Line Plume and Ocean Outfall Dispersion

by Philip J.W. Roberts, (A.M.ASCE), Asst. Prof. of Civ. Engrg.; Georgia Inst. of Tech., Atlanta, Ga., Ocean Engr., CH2M HILL, San Francisco, Calif.,


Serial Information: Journal of the Hydraulics Division, 1979, Vol. 105, Issue 4, Pg. 313-331


Document Type: Journal Paper

Discussion: Jirka Gerhard H. (See full record)
Closure: (See full record)

Abstract: The three-dimensional flowfield created by a line plume of finite length in a steady unstratified current was investigated experimentally and theoretically. The results are applicable to ocean sewer outfall design. Even though the diffuser length may be much greater than the water depth, the flowfield cannot be considered to be two dimensional. The most important dynamic parameter is a Froude number, F, given by the ratio of the current speed cubed to the buoyancy flux discharged per unit diffuser length. Different mixing regimes can occur depending on the value of F and the plume can be attached to the lower boundary. Dilution depends on current speed and direction only for F>0.1. For F>0.1, dilution increases with current speed and diffusers perpendicular to the current will result in greater dilution than if parallel. The surface wastefield spreads rapidly in a parallel current, showing that Y or similarly shaped diffusers are not essential to produce a widely dispersed wastefield. The buoyant spreading of the surface wastefield is a complex phenomenon, having growth laws that change with distance downstream.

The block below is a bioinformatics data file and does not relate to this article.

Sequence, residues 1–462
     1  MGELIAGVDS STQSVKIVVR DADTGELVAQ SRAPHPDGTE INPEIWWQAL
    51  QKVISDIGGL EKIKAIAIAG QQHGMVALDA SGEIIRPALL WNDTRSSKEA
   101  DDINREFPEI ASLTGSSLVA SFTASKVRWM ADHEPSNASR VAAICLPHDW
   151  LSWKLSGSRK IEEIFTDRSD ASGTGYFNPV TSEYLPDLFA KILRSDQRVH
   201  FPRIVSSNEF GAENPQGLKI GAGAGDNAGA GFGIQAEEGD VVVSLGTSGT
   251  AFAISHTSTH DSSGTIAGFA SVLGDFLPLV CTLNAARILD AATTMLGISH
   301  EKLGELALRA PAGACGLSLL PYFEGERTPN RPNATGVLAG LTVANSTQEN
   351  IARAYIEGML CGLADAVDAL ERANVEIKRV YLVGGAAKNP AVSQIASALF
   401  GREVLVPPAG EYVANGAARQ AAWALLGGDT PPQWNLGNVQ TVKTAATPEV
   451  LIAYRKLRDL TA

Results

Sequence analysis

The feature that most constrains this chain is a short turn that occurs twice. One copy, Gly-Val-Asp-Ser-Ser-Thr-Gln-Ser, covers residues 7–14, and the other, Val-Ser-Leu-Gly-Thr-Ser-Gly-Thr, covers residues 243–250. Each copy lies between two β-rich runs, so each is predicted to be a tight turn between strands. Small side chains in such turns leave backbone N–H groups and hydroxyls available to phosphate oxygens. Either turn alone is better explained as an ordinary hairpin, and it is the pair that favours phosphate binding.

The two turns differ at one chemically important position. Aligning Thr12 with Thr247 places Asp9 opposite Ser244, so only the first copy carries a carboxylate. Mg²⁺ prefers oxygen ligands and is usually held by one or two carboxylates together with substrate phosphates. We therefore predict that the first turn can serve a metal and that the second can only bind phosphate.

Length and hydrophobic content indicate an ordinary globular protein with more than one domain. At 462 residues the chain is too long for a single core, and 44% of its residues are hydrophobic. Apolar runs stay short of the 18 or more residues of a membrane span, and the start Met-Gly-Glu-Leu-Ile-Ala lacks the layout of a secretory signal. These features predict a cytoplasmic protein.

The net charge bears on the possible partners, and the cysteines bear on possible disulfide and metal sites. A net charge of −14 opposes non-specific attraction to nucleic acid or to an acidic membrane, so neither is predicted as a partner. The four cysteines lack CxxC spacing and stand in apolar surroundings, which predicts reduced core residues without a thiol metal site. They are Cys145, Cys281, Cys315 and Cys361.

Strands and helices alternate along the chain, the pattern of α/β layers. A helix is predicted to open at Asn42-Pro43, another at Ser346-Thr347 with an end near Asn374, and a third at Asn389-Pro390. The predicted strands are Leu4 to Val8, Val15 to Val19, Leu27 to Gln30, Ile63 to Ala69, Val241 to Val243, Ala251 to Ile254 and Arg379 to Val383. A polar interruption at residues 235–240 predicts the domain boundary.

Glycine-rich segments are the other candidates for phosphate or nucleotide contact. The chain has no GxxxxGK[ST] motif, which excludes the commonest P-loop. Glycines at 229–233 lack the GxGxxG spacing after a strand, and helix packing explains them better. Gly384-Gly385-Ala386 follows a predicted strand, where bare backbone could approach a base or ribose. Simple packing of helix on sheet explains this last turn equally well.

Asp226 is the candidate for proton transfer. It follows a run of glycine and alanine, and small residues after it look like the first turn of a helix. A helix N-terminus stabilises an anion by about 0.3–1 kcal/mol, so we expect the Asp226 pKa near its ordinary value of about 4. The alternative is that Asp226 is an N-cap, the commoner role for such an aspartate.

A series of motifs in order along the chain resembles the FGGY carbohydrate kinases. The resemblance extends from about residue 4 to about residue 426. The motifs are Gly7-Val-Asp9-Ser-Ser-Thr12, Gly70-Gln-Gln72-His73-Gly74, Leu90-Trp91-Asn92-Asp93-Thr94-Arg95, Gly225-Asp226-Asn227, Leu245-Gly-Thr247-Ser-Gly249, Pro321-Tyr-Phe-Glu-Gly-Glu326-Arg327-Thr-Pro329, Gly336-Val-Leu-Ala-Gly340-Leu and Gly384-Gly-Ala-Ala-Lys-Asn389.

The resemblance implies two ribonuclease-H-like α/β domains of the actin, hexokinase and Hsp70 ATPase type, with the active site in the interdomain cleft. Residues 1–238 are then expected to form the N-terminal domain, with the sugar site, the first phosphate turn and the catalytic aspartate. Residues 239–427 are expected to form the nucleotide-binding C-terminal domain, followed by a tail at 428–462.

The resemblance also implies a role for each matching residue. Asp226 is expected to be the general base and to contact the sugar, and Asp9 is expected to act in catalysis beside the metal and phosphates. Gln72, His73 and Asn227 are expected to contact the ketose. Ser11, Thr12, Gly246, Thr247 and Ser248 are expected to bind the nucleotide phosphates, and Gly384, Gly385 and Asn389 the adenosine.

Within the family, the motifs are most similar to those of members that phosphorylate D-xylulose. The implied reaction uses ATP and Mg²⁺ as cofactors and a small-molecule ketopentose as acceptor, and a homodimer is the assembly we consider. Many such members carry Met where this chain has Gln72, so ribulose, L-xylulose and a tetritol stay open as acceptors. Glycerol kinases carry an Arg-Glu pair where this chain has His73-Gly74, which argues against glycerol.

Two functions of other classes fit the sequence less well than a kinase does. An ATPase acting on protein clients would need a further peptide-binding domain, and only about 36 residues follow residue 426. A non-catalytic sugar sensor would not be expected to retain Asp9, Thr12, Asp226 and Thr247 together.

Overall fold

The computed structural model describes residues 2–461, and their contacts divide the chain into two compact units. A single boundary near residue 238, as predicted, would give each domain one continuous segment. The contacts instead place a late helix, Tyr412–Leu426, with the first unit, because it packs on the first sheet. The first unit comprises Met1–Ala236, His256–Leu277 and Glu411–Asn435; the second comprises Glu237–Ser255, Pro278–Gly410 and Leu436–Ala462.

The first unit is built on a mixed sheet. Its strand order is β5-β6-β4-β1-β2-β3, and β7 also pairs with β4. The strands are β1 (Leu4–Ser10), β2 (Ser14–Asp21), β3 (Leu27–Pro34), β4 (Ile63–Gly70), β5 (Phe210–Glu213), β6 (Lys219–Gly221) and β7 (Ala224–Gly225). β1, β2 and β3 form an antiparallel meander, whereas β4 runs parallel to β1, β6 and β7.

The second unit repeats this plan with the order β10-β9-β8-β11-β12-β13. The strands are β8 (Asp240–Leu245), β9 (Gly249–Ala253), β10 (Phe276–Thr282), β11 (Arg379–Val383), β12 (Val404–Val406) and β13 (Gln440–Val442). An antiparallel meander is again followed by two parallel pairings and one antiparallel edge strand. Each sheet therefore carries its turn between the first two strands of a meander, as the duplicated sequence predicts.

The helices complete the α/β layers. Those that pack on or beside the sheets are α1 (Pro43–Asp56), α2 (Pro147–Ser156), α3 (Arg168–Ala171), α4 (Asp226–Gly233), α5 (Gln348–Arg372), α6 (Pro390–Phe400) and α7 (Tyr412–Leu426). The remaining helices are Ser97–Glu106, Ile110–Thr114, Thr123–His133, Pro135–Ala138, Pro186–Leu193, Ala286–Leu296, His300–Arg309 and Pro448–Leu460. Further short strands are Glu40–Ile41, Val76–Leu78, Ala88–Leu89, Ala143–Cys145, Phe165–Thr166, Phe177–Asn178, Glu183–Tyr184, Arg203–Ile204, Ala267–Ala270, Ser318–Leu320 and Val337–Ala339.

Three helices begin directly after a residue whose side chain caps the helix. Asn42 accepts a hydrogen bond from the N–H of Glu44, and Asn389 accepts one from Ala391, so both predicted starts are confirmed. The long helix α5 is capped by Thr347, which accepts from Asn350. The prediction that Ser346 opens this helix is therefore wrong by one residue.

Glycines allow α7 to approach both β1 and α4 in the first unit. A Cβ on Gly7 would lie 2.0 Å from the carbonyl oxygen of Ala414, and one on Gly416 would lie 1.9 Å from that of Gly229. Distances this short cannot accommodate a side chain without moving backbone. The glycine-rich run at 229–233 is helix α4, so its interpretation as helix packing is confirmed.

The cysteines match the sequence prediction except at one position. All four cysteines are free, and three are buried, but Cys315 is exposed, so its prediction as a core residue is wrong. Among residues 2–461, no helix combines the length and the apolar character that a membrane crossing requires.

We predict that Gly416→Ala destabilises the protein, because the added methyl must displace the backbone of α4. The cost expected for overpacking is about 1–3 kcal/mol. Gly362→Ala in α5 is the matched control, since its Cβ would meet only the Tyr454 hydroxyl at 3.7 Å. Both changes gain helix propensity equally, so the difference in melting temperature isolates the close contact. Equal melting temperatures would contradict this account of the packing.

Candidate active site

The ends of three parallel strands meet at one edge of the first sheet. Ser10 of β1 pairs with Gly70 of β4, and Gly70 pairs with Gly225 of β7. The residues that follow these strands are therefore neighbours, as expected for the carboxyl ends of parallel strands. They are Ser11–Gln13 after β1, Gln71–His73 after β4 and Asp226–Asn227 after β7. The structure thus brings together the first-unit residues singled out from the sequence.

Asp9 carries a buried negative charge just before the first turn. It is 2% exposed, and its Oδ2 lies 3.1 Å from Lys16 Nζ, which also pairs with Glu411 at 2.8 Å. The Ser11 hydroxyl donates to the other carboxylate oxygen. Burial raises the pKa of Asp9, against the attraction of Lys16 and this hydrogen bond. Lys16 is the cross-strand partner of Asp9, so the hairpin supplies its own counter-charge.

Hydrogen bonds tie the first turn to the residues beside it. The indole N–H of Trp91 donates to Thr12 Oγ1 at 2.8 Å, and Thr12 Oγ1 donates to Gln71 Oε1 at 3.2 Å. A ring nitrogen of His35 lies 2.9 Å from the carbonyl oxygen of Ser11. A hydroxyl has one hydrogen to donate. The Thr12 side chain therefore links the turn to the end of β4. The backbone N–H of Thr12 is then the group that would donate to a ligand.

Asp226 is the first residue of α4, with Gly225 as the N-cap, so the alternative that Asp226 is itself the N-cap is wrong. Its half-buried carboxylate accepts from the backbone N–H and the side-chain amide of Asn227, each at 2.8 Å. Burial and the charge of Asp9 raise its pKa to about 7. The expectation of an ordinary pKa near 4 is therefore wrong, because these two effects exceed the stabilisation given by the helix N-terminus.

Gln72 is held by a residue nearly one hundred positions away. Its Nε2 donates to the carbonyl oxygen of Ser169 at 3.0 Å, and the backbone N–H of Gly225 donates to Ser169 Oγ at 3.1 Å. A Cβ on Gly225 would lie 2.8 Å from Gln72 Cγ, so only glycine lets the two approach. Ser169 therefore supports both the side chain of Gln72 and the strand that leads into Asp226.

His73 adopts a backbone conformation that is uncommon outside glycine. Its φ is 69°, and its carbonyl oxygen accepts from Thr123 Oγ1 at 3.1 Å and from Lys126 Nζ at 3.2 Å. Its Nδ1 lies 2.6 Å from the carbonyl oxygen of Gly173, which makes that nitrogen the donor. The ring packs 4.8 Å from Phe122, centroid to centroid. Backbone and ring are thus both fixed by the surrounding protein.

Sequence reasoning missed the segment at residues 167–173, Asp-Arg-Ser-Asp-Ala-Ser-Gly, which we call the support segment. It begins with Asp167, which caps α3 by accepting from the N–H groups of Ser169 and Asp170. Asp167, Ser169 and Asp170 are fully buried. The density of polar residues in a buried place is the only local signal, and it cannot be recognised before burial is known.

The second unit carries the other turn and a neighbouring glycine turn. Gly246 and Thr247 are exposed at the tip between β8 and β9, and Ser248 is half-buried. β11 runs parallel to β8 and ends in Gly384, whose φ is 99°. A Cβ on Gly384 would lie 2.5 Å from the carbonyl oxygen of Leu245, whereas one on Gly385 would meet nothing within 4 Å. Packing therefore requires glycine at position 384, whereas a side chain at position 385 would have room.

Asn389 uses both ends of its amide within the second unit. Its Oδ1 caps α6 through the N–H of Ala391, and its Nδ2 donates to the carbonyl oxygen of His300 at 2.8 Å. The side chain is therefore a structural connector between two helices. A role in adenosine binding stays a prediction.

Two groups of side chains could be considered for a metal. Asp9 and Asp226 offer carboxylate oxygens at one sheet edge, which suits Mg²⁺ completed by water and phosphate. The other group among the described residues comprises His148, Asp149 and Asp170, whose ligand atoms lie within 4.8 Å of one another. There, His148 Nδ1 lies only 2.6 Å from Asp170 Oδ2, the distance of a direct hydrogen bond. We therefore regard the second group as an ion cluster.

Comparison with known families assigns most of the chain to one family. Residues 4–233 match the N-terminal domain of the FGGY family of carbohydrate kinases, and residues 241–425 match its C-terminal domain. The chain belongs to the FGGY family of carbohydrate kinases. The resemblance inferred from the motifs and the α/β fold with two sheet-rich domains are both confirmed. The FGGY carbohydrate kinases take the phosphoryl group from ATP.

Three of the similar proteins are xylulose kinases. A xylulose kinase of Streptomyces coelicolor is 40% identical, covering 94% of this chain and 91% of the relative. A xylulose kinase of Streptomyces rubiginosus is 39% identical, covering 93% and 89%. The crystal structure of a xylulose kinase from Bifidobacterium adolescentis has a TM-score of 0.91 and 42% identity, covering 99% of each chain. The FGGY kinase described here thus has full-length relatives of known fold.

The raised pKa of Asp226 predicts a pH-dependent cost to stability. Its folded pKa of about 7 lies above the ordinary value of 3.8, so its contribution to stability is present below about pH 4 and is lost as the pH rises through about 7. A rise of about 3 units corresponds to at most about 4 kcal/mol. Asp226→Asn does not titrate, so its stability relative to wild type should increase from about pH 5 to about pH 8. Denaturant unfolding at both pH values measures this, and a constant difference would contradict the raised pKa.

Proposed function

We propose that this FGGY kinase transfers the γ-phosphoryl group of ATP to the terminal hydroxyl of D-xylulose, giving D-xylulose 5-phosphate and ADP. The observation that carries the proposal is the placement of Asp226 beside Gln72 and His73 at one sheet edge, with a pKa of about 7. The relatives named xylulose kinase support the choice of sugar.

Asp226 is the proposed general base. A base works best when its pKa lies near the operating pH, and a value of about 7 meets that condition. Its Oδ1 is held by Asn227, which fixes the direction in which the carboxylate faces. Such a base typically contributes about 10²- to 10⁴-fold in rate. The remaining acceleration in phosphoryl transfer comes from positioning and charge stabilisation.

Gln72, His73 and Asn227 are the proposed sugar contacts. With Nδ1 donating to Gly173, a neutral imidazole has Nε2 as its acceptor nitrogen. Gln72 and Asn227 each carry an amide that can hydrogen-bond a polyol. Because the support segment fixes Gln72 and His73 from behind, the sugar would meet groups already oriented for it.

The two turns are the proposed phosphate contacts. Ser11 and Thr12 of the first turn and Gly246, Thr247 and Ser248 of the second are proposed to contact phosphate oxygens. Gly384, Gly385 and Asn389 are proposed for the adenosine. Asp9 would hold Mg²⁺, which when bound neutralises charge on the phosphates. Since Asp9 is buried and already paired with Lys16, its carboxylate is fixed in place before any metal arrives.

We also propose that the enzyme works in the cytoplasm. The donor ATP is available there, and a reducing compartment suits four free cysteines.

Subject Headings: Diffusion | Plumes | Dilution | Waste management | Ocean engineering | Buoyancy | Sewers | Parameters (statistics)

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